Syrian President Bashar al-Assad was given a warm welcome at an Arab summit on Friday, winning a hug from Saudi Arabia’s crown prince at a meeting of leaders who had shunned him for years, in a policy shift opposed by the U.S. and other Western powers.
Saudi Crown Prince Mohammed bin Salman shook hands with a beaming Assad as the summit got underway in Jeddah, turning the page on enmity towards a leader who drew on support from Shi’ite Iran and Russia to beat back his foes in Syria’s civil war.
The summit showcased redoubled Saudi efforts to exercise sway on the global stage, with Ukrainian President Volodymyr Zelenskiy in attendance and Crown Prince Mohammed restating Riyadh’s readiness to mediate in the war with Russia.
Oil powerhouse Saudi Arabia, once heavily influenced by the United States, has taken the diplomatic lead in the Arab world in the past year, re-establishing ties with Iran, welcoming Syria back to the fold, and mediating in the Sudan conflict.
With many Arab states hoping Assad will now take steps to distance Syria from Shi’ite Iran, Assad said the country’s “past, present, and future is Arabism”, but without mentioning Tehran – for decades a close Syrian ally.
In an apparent swipe at Turkish President Tayyip Erdogan, who has backed Syrian rebels and sent Turkish forces into northern Syria, Assad noted the “danger of expansionist Ottoman thought”, describing it as influenced by the Muslim Brotherhood – an Islamist group seen as a foe by Damascus and many other Arab states.
Crown Prince Mohammed said he hoped Syria’s “return to the Arab League leads to the end of its crisis,” 12 years after Arab states suspended Syria as it descended into a civil war that has killed more than 350,000 people.
Saudi Arabia would “not allow our region to turn into a field of conflicts”, he said, saying the page had been turned on “painful years of struggle”.
Washington has objected to any steps towards normalisation with Assad, saying there must first be progress towards a political solution to the conflict.
“We understand the point of view of the United States and our partners in the West, but addressing the ongoing challenges requires a new approach and that will not come without dialogue,” Saudi Foreign Minister Prince Faisal bin Farhan Al Saud told a news conference.
“We will dialogue with our partners in Europe and the United States to address the sources of their worry.”
“The Americans are dismayed. We (Gulf states) are people living in this region, we’re trying to solve our problems as much as we can with the tools available to us in our hands,” said a Gulf source close to government circles.
A Gulf analyst told Reuters that Syria risked becoming a subsidiary of Iran, and asked: “Do we want Syria to be less Arab and more Iranian, or … to come back to the Arab fold?”
Having welcomed back Assad, Arab states also want him to curb a flourishing Syrian trade in narcotics, which are produced in Syria and smuggled across the region.
ZELENSKIY THANKS RIYADH
Addressing the summit, Zelenskiy, who wants to build support for Kyiv’s battle against Russian invaders, asked the delegates to support Ukraine’s formula for peace and thanked Riyadh for its role in mediating a prisoner release last year.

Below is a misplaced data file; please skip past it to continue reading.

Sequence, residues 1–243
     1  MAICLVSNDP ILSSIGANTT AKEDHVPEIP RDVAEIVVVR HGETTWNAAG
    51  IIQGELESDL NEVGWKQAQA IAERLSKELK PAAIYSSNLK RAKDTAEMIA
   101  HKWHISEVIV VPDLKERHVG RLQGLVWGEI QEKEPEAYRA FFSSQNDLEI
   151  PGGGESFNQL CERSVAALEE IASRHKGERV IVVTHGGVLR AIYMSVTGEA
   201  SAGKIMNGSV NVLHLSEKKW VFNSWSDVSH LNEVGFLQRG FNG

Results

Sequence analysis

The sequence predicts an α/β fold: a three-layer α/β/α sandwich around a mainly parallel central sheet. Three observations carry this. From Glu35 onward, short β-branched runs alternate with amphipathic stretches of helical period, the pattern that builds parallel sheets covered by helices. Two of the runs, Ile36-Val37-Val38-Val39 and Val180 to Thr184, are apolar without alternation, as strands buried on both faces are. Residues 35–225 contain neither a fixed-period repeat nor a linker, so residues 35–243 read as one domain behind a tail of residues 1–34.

In a letter to the summit, President Vladimir Putin said Russia attached “great importance to the development of friendly relations and constructive partnership” with regional states.
Gulf states have tried to remain neutral in the Ukraine conflict despite Western pressure on Gulf oil producers to help isolate Russia, a fellow OPEC+ member.
Arab leaders attending included Qatari Emir Sheikh Tamim bin Hamad al-Thani, who said in 2018 the region could not tolerate “a war criminal” like Assad. Qatar has reluctantly withdrawn its opposition to Riyadh’s move to readmit Syria.
The Syrian state news agency said Sheikh Tamim shook hands with Assad, though Qatari media made no mention of that and Sheikh Tamim left the gathering as the speeches were getting underway. A regional official said the two did not speak.
Salem Al-Meslit, a prominent figure in the Syrian political opposition to Assad, wrote on Twitter that Assad’s attendance was a “free reward for a war criminal”.
The war has shattered Syria’s economy, demolishing infrastructure, cities and factories. Assad could benefit from Gulf investment in his country, though U.S. sanctions complicate any commercial ties with Damascus.
Then U.S. President Donald Trump branded Assad an “animal” for using chemical weapons in 2018 – a weapon he consistently denied using.
While Washington opposes normalisation with Assad, State Department deputy spokesperson Vedant Patel said there are “a number of shared objectives” such as bringing home Austin Tice, a former U.S. marine and journalist kidnapped in Syria in 2012.
Assad’s return to the Arab fold is part of a wider trend in the Middle East where adversaries have been taking steps to mend ties strained by years of conflict and rivalry.
The rapprochement with Assad gained momentum after China negotiated an agreement in March that saw Riyadh resume diplomatic ties with Iran, which with Russia has helped Assad defeat Sunni rebels and regain control of some major cities.
A large swathe of Syria, however, remains under Turkish-backed rebels and radical Islamist groups as well as a U.S.-backed Kurdish militia.
According to UNHCR since 2011, more than 14 million Syrians have fled their homes, and about 6.8 million remain displaced in their own country, where 90% of the population live below the poverty line. About 5.5 million Syrian refugees live in neighbouring Turkey, Lebanon, Jordan, Iraq and Egypt.
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